DURING THE COLD War, on the vast, barren flatland around Area 51's dried-up Groom Lake, the military developed a stealth spy plane code-named Project Oxcart. Project personnel were sworn to secrecy, but still, US officials worried that the Soviets would find out what they were up to. With good reason: Up above, USSR satellites were ready to spy with their on-board cameras. While Area 51 employees couldn't stop these satellites from swinging by, they did come up with a low-tech solution: moving the classified planes into sheds when they knew the satellites would pass over.
Today, that's not a feasible stealth solution. Earth orbit doesn’t just host a few Soviet spysats: More than a thousand working orbiters are out there, hundreds of those equipped with Earth-observing cameras. They are American, European, African, South American, Japanese, Indian, Chinese, Russian. And nothing stops many of them from taking pictures of supersecret areas.
But the government has other ways of restricting information. The feds can limit how good commercially available images can be when taken by US companies. And it can issue a directive barring imaging over a given location. The law regulating that imaging, though, was first passed before satellite imaging really existed as an industry. And according to insiders, it’s been keeping satellites down—even as thousands more of them are set to launch in the next decade.
When the Land Remote Sensing Policy Act passed, the world was a younger, more naïve place. Aladdin was about to come out. George Sr. was president. Oh, and also the satellite-imaging industry was way different. “The biggest way that it was different was that there wasn’t really one,” says Walter Scott, the founder of DigitalGlobe and CTO of Maxar Technologies, which bought DigitalGlobe last year. The law allowed fully private companies to get a license to take data on Earth from space—and so, when it passed in 1992, Scott did.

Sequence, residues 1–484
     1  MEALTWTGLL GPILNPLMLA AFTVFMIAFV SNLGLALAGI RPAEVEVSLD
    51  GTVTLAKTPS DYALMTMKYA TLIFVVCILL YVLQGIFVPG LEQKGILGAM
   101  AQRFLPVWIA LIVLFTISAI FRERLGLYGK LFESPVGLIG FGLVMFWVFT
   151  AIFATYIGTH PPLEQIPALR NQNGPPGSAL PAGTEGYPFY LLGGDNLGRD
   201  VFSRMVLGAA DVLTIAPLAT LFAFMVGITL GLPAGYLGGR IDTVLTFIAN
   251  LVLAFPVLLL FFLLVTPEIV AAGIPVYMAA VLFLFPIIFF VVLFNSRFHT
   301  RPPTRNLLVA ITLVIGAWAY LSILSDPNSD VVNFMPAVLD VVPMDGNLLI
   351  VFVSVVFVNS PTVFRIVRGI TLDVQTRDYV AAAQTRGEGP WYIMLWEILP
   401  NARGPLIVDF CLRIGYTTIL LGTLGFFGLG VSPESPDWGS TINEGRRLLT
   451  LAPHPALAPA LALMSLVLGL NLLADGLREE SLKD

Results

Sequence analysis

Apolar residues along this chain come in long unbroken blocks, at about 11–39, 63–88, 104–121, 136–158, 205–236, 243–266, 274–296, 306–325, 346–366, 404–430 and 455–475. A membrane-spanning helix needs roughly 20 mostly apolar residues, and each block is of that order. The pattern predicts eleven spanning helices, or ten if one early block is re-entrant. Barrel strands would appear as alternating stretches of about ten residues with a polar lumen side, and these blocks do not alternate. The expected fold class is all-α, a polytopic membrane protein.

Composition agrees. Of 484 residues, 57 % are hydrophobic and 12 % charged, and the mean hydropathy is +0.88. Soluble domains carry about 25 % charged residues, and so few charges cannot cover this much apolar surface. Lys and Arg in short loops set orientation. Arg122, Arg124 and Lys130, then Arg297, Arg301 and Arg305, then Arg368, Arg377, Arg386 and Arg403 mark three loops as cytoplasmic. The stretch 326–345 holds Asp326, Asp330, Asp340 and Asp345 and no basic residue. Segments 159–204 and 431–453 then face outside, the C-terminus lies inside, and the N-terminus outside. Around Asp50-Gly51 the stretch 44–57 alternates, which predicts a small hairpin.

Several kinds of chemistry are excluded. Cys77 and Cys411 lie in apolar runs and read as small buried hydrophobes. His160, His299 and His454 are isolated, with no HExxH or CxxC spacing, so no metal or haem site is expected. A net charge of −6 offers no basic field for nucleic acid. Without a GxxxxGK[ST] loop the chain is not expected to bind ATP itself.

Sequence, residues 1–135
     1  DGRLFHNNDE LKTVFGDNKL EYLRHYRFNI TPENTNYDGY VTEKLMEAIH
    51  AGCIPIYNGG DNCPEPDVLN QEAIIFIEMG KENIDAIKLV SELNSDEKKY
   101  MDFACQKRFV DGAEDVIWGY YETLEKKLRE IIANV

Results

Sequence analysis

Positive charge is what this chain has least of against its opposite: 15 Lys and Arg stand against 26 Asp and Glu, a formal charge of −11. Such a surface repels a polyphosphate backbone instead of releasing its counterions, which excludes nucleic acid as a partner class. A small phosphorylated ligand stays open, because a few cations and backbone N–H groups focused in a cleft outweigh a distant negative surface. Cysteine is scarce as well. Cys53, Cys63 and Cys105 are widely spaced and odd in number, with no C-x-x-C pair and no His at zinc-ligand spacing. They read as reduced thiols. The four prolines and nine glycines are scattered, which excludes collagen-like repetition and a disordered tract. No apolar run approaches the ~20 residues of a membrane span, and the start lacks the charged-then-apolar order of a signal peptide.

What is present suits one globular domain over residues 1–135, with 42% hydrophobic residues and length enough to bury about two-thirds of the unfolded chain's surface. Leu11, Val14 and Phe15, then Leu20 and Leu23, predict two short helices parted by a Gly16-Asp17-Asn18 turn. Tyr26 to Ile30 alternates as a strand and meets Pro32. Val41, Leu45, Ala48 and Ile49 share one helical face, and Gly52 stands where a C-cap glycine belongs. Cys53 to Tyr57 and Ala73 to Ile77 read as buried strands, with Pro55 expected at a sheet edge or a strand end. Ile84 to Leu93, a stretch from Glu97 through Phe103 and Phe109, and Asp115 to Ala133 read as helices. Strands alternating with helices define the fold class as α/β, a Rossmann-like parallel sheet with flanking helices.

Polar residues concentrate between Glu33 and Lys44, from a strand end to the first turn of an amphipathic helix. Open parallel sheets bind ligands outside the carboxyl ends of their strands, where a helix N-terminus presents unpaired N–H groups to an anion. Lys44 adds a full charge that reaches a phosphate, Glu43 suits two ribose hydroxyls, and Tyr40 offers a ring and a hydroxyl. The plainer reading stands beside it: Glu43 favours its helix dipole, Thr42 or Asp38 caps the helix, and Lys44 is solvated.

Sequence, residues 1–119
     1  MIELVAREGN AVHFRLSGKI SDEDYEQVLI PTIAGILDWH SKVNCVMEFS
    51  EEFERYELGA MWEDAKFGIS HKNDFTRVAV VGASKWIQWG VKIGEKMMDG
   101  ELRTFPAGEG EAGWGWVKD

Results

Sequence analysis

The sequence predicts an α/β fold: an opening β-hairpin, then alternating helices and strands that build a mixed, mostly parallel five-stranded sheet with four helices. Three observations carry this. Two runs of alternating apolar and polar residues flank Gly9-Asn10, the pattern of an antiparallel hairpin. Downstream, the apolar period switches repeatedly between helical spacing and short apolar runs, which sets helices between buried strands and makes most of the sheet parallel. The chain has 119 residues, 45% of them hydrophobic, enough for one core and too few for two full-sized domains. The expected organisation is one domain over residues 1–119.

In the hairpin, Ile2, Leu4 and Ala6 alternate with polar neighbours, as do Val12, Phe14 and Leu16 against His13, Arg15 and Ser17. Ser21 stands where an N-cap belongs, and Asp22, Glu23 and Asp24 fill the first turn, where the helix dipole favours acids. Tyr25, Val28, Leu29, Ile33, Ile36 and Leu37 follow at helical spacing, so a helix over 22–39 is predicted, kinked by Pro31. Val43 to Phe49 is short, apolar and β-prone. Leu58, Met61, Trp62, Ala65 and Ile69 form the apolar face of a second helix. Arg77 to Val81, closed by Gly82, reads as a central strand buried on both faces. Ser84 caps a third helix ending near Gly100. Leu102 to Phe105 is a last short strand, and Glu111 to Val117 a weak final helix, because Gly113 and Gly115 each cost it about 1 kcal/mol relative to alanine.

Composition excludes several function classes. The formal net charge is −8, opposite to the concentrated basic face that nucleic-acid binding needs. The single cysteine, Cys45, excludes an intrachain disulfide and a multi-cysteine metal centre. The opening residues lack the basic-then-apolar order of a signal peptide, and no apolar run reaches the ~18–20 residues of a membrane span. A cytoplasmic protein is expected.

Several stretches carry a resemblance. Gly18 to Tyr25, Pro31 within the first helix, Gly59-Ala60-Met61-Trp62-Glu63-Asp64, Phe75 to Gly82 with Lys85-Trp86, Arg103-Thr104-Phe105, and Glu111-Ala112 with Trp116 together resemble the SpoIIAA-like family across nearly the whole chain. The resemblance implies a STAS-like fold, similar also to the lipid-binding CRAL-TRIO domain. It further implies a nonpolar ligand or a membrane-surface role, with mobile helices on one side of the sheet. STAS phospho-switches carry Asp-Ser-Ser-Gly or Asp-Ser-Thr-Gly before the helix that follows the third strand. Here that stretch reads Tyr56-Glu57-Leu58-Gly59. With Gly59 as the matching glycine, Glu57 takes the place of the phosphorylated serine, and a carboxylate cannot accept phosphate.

The law—since added to, amended, and restated—still forms the legal basis for commercial remote sensing. But regulations have also accomplished the opposite, allowing the government to exercise so-called “shutter control”: If the government says to close your satellite’s eye, you have to do it.
The government has never put shutter control into effect—at least not exactly. It’s gotten around it, though. After 9/11, the feds didn't legislate the high-resolution Ikonos satellite out of taking or releasing images of Afghanistan. They simply bought exclusive rights to all of its images of the area, the only high-res ones available on the US market, making it functionally impossible for anyone else to use commercial US imagery surveil the area. Insiders call this “checkbook shutter control.”
That kind of limitation also happens on a smaller scale. “US government customers have the ability—as, actually, do some of our other customers—to say, ‘We would like you to take this image and not make this image available publicly,'” explains Scott. “It’s an exclusivity arrangement."
Then, there are the things that aren’t shutter control but do place cuffs around satellite operators. Take the Kyl-Bingaman Amendment, which bans US companies from releasing their high-resolution images of Israel and the Occupied Territories. In addition, "certain licensees have some area imaging restrictions," says Tahara Dawkins, the director of the NOAA Commercial Remote Sensing Regulatory Affairs Office. "The details are proprietary."
So while the 1992 law let Scott found his company in the first place, it and further regulations are throttling the company—and any company that wants to take HD images from space.
THAT'S NOT A theoretical problem. In 1999, DigitalGlobe wanted permission to sell images with 25-centimeter resolution—to turn, in other words, three men’s shoes into one pixel. That didn’t sit right with federal regulators, who, in 2000, gave DigitalGlobe permission to sell pictures halfthat precise: a large throw pillow could become a pixel. Even more, Scott says, “we had to impose a 24-hour delay on anything better than 82-centimeter resolution."